Russia committed human rights violations in Crimea, European Court finds

The European Court of Human Rights ruled Tuesday that Russia and its security forces in Crimea committed numerous human rights violations during their decades-long occupation of Ukrainian territory.

In a case brought by the Ukrainian government, the court found evidence of illegal persecution and detention of those who criticized Russia's 2014 annexation of Crimea, as well as systematic repression of ethnic and religious minorities in Crimea. Evidence presented to the court painted a picture of a region under the tight grip of Moscow's authoritarian control, where any criticism is severely punished and accountability is non-existent for those with political connections.

The ruling by Europe's top human rights court, based on a case first filed in 2014, was a reminder that the region remains contested. It remains legally part of Ukraine, with deep historical and cultural ties, despite the Kremlin's coordinated campaign to erase that identity under the occupation.

“This decision is the first by which an international judicial body recognizes the Russian Federation as responsible for the policy of systematic and large-scale violations of various human rights and freedoms in the temporarily occupied territory of the Crimean peninsula,” said Iryna Mudra. deputy head of the office of President Volodymyr Zelenskyj.

The decision, said Ms. Mudra, who represented Ukraine at a hearing on the case last year in Strasbourg, France, paved the way for individual cases to be brought against Russia.

There were 43 cases of enforced disappearances between 2014 and 2018, with eight people still missing. According to the court, the disappeared were mostly pro-Ukrainian activists and journalists or members of the Crimean Tatar ethnic minority. Investigations into the disappearances have gone nowhere, the court added in its ruling.

Men and women were kidnapped by the Crimean Self-Defense Forces, Russian security forces, or agents of the Russian Federal Security Service, or FSB. Those detained suffered torture, such as electrocutions and mock executions, and were held in inhumane conditions, particularly in the only pre-trial detention center, in Simferopol.

Russian authorities also transferred approximately 12,500 prisoners from Crimea to Russian penal colonies. Ukrainian political prisoners, in particular, have been transferred to distant prisons, making it almost impossible for their families to reach them. The court ordered Russia to return these prisoners.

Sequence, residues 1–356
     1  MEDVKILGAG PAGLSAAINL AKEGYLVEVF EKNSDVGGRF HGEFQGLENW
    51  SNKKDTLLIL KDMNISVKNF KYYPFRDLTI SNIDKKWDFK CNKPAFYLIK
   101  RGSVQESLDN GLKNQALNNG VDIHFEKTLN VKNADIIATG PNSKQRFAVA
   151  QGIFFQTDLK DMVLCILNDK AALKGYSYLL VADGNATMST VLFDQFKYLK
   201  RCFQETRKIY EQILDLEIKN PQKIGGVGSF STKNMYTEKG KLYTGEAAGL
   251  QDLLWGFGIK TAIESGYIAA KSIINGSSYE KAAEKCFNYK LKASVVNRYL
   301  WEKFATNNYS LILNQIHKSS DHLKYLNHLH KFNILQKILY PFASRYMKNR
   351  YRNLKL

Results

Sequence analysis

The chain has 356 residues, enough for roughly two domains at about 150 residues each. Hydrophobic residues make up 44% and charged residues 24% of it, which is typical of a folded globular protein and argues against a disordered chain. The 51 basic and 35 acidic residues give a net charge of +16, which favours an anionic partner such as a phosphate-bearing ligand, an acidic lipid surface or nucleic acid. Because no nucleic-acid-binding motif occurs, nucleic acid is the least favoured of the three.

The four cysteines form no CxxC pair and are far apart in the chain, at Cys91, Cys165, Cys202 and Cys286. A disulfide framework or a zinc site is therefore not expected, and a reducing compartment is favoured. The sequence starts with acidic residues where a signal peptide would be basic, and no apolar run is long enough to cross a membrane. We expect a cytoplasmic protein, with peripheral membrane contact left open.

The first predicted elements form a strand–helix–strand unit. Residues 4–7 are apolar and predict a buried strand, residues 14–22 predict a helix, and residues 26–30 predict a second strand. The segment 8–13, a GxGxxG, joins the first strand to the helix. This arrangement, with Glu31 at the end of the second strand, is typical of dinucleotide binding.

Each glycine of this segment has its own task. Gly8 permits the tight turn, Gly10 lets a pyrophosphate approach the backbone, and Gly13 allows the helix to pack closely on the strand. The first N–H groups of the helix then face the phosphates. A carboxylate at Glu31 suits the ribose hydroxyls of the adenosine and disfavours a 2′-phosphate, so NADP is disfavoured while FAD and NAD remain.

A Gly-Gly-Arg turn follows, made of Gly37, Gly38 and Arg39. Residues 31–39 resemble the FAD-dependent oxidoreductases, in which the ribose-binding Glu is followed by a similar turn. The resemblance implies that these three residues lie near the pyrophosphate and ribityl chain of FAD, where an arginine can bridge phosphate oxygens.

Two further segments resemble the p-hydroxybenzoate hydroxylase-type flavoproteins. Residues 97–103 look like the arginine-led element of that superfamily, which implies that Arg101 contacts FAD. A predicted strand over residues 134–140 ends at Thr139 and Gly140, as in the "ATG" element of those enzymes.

Russia withdrew from the court in 2022, ending the court's jurisdiction and cutting off avenues to justice for Moscow's critics. Russia has not cooperated with the court in the Crimea case, nor has it allowed investigators to enter the territory. Instead, Ukraine's lawyers and court judges relied on reports from international non-governmental organizations, as well as testimony.

The evidence cited in the ruling shows how Russia, and its proxy government in the region, have created an atmosphere of oppression, using comprehensive laws against extremism and terrorism to silence dissent. Pro-Ukrainian media were abolished, while the Ukrainian language was suppressed in schools. Ukrainian banks were nationalized, along with their clients' properties and assets, the court found.

Crimean Tatars, an ethnic minority, have also been targeted, and between 15,000 and 30,000 Tatars have fled the region since 2014. Tatar television channels were removed, their cultural and religious buildings vandalized, and some Tatar houses were painted with crosses. . All gatherings of Tatar leaders or groups believed to be pro-Ukrainian were violently dispersed and participants arrested.

Crimea's occupying government has also cracked down on religious diversity, raiding madrassas and mosques, expelling Ukrainian Orthodox priests, and converting their churches. Journalists critical of the regime are also regularly harassed and threatened.

“The chilling message is that resistance to the occupation is not only futile, but extremely dangerous,” Ben Emmerson, a defense attorney for the Ukrainian government, argued to the jury in December. Russia did not participate in the proceedings.

Russian forces marched on the Crimean peninsula in February 2014 ahead of the Kremlin's illegal annexation of the peninsula and the country's full-scale invasion of Ukraine in February 2022.

Today, thousands of Russian troops occupy a region that is not only ideologically important to President Vladimir V. Putin, but also strategically important in Russia's war in Ukraine.

Earlier this year, the Biden administration agreed to provide the Kiev government with long-range Army tactical missile systems, known as ATACMS, that could be used to strike Russian forces in occupied territory.

Marco Santora contributed to the reporting.

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